This RFC is a proposal for changing the styling solution of Material-UI in v5.
TL:DR; the core team proposes we go with emotion
What's the problem?
- Maintaining & developing a great styling engine takes a considerable amount of time. We have experienced it first hand. Over the last 12 months, we have preferred to invest time on our core value proposition: the UI components, rather than improve the style engine. Working on it has a high opportunity cost.
- We have been facing issues with supporting dynamic styles for the components. The performance of our custom dynamic styles implementation (based on props) isn't great (see the performance benchmarks below). This is seriously limiting the quality of the Developer Experience we can provide. It's a blocker for improving our API around customizability or ease of writing styles. For instance, it will unlock: style utils props, color variant, and custom variant.
- The React community, at large, hasn't voted for using JSS at scale (JSS is great and still used). 3 years ago we bet on the best option available. We have to recognize better options are available now. We can move faster and unlock better DX/UX by building on top of a more popular, existing, styling solution.
- Many developers use styled-components to override Material-UI's styles. End-users find themselves with two CSS-in-JS libraries in their bundle. Not great. It would be better if we could offer different adapters for different CSS-in-JS libraries. (Potential problems: we may need to re-write the core styles to match the syntax of the engine used 🤷♀️)
What are the requirements?
Whatever styling engine we choose to go with we have to consider the following factors:
- performance: the faster the better but we are willing to trade some performance to improve the DX.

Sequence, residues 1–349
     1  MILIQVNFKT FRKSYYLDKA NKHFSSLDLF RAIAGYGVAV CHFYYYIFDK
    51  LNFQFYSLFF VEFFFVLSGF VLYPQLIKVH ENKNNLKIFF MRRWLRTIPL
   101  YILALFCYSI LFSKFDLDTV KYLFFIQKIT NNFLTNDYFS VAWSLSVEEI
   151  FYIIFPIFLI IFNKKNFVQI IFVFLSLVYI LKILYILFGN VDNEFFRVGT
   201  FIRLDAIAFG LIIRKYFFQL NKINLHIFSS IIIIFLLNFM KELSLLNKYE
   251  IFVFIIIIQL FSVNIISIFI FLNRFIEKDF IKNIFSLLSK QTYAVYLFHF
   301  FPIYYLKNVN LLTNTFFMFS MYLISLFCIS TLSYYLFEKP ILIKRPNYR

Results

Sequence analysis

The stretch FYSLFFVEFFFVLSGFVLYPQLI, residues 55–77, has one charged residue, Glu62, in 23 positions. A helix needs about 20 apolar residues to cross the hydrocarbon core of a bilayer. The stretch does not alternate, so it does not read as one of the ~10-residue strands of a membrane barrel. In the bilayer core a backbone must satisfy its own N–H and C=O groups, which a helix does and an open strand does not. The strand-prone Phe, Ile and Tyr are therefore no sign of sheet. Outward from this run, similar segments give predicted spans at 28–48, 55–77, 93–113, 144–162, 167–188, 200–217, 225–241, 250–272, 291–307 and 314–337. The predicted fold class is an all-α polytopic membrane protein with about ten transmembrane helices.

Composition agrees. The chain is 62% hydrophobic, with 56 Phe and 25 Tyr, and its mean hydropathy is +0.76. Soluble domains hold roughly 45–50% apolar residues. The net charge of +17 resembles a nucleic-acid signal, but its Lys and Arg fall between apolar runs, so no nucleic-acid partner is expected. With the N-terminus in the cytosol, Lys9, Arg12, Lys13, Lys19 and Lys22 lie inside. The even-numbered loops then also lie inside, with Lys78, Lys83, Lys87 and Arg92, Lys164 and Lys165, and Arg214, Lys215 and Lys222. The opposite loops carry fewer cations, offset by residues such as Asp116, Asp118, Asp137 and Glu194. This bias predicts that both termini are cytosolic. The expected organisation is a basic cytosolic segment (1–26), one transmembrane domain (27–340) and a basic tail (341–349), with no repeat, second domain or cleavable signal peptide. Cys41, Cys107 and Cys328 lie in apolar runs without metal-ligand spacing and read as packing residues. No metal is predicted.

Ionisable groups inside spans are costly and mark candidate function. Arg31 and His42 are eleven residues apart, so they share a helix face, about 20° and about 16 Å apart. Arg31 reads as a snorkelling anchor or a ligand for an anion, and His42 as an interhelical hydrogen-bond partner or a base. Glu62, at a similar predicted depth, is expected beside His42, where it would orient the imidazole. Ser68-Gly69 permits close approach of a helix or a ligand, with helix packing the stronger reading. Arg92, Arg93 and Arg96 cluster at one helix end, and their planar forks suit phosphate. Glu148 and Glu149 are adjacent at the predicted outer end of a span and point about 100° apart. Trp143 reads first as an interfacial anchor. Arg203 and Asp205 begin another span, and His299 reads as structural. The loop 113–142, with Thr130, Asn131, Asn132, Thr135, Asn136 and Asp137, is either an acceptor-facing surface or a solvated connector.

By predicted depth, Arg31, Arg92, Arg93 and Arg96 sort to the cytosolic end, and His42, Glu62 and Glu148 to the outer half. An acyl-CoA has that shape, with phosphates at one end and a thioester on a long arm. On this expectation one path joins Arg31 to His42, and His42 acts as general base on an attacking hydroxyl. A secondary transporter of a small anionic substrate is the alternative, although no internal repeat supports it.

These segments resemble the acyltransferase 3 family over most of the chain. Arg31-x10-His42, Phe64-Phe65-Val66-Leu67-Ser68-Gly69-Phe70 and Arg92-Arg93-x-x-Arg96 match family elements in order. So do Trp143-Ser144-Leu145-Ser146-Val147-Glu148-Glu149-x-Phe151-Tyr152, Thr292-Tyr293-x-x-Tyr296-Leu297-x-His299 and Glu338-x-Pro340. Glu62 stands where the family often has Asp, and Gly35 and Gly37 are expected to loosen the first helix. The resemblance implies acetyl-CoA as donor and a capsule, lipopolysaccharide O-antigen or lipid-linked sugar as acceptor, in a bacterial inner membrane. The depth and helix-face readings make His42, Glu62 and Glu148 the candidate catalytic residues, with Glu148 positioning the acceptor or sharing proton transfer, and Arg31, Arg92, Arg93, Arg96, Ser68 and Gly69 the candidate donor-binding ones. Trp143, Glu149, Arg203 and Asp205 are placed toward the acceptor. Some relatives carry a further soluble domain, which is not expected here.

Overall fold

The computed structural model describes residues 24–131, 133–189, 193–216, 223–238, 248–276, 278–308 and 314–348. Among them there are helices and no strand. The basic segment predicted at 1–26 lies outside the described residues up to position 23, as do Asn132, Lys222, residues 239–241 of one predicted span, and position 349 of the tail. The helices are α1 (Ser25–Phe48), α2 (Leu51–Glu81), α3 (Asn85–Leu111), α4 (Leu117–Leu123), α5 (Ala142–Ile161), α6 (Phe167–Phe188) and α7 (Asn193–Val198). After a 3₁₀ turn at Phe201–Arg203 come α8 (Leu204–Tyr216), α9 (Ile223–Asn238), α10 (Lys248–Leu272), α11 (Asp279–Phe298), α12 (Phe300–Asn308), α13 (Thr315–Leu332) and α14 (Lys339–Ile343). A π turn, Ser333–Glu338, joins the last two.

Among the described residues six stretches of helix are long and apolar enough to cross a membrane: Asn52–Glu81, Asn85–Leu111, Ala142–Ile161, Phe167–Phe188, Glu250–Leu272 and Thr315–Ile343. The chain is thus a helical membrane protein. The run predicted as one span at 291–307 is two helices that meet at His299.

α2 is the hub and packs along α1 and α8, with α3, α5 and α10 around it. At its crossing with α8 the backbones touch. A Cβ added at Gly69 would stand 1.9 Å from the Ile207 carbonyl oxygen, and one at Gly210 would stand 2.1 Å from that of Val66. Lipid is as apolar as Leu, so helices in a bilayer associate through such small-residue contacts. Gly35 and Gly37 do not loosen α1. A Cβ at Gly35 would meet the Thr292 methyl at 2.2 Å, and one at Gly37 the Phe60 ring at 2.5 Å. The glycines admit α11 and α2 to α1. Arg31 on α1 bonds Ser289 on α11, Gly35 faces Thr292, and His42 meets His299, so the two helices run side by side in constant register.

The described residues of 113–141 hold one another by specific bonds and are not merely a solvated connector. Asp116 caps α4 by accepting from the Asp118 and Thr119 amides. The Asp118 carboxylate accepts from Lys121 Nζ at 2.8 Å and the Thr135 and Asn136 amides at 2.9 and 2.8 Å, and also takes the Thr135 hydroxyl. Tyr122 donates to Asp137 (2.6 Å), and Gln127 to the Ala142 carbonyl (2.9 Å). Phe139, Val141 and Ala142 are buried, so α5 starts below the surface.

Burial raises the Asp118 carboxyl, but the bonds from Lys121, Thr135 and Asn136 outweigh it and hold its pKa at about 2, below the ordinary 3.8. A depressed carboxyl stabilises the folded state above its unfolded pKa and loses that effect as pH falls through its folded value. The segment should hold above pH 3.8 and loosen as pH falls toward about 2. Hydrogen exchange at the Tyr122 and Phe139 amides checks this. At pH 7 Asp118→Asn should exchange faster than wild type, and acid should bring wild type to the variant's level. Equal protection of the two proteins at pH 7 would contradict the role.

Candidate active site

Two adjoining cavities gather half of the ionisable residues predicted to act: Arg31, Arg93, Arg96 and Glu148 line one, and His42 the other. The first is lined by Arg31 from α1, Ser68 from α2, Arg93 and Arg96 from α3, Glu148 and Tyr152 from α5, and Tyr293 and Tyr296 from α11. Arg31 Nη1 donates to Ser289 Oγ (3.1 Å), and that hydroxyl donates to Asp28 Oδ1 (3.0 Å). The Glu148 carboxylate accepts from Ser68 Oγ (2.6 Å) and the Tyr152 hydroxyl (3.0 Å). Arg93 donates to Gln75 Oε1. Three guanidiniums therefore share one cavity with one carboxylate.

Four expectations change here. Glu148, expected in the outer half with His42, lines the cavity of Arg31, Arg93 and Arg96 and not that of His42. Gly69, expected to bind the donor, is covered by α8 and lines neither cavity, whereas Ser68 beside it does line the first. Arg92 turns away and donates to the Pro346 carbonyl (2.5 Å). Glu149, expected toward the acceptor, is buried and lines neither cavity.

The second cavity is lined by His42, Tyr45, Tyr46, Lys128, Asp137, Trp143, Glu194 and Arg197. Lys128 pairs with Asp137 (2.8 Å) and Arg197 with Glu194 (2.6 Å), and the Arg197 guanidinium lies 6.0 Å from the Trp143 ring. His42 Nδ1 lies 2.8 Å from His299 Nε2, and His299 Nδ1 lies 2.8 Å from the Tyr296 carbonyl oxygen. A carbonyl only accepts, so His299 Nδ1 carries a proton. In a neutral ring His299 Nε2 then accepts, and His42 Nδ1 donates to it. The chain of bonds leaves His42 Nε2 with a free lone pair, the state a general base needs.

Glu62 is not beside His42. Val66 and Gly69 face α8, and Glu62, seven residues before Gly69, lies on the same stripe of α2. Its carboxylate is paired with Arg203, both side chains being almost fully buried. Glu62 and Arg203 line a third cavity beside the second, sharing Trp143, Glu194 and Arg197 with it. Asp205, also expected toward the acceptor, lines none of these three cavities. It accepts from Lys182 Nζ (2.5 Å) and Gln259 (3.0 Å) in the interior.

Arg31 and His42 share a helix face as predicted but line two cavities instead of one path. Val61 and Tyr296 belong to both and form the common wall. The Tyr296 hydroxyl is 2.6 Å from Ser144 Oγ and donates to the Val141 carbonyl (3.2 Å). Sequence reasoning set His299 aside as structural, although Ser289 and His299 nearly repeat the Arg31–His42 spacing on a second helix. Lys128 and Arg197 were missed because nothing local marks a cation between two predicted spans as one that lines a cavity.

- bundle size: below our current 14.3 kB gzipped would be great.
- support concurrent mode:
@material-ui/styles has partial support as I'm writing.
- support SSR
- simple customization
- allow dynamic styling
- good community size
- flat specificity
It would be nice if it can support the following:
- zero-config from the perspective of Material-UI consumers
- streaming https://github.com/mui-org/material-ui/issues/8503
- source map
What are our options?
- JSS (currently wrapped in material-ui)
Here are benchmarks with dynamic styles of several popular libraries (note the Material-UI v4 only use static styles which have good performance):
PR for reference: https://github.com/mnajdova/react-native-web/pull/1
Based on the performance, I think that we should eliminate: JSS (currently wrapped in @material-ui/styles), styletron, and fela. That would leave us with:
Based on the open issues, it seems that Aphrodite doesn't support dynamic props: https://github.com/Khan/aphrodite/issues/141
which in my opinion means that we should drop that one from our options too, leaving us with:
emotion are both libraries are pretty popular,
react-styletron at the time or writing is much behind with around 12500 downloads per week (this in my opinion is a strong reason why we should eliminate it, as if we decide to go with it, the community will again need to have two different styling engine in their apps).
Here is the list rang by the number of Weekly downloads at the time of writing:
Note that storybook has a dependency on emotion. It significantly skews the stats.
Support concurrent mode
- emotion: YES. Since v10 it is strict mode compatible based on their announcement post. I have tested it on a simple project that works as expected.
- styled-components: Partial. There is at least one bug with global styles in strict mode.
- emotion: YES. https://emotion.sh/docs/ssr. Also has an interesting no configuration support for prototyping only.
- styled-components: YES. https://styled-components.com/docs/advanced
- styled-components: 30.6k
- emotion: 11.4k
- ~~JSS~~: 5.9k
Trafic on the documentation
SimilarWeb estimated sessions/month:
- ~~sass-lang.com~~: ~476K/month (for comparison)
- styled-components.com: ~239K/month
- emotion.sh: ~59K/month
- ~~cssinjs.org~~: <30k/month (for comparison)
Based on the survey, 53.8% percent are using the Material-UI styles (JSS), which is not a surprise as it is the engine coming from Material-UI. However, we can see that 20.4% percent are already using styled-components, which is a big number considering that we don't have direct support for it. Emotion is used by around 1.9% percent of the developers currently based on the survey.
Having these numbers we want to push with better support for styled-components, so this is something we should consider.
- emotion: modern evergreen browsers + IE11
- styled-components: not documented for v5, but the previous versions support the following
What's the best option?
Even if we decide to support multiple engines, we would still need to advocate for one by default and have one documented in the demos.
- Has the biggest community, people love to use it.
- Performance starting from v5 is good.